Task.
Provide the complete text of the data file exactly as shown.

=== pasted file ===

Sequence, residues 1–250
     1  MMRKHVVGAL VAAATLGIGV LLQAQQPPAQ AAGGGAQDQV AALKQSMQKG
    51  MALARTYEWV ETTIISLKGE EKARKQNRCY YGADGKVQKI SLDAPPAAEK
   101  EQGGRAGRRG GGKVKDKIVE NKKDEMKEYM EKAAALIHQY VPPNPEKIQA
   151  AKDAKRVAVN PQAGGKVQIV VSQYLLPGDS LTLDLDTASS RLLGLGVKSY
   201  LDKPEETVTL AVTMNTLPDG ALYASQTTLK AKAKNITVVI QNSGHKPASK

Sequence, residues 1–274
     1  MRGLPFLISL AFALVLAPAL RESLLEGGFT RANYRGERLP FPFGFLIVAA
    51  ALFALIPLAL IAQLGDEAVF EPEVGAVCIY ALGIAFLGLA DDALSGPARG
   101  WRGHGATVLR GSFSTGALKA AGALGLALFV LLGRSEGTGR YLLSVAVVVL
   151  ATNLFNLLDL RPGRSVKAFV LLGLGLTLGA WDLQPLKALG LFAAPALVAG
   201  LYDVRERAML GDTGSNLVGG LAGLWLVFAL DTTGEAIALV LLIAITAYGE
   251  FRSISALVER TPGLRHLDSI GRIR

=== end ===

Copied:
Sequence, residues 1–250
     1  MMRKHVVGAL VAAATLGIGV LLQAQQPPAQ AAGGGAQDQV AALKQSMQKG
    51  MALARTYEWV ETTIISLKGE EKARKQNRCY YGADGKVQKI SLDAPPAAEK
   101  EQGGRAGRRG GGKVKDKIVE NKKDEMKEYM EKAAALIHQY VPPNPEKIQA
   151  AKDAKRVAVN PQAGGKVQIV VSQYLLPGDS LTLDLDTASS RLLGLGVKSY
   201  LDKPEETVTL AVTMNTLPDG ALYASQTTLK AKAKNITVVI QNSGHKPASK

Sequence, residues 1–274
     1  MRGLPFLISL AFALVLAPAL RESLLEGGFT RANYRGERLP FPFGFLIVAA
    51  ALFALIPLAL IAQLGDEAVF EPEVGAVCIY ALGIAFLGLA DDALSGPARG
   101  WRGHGATVLR GSFSTGALKA AGALGLALFV LLGRSEGTGR YLLSVAVVVL
   151  ATNLFNLLDL RPGRSVKAFV LLGLGLTLGA WDLQPLKALG LFAAPALVAG
   201  LYDVRERAML GDTGSNLVGG LAGLWLVFAL DTTGEAIALV LLIAITAYGE
   251  FRSISALVER TPGLRHLDSI GRIR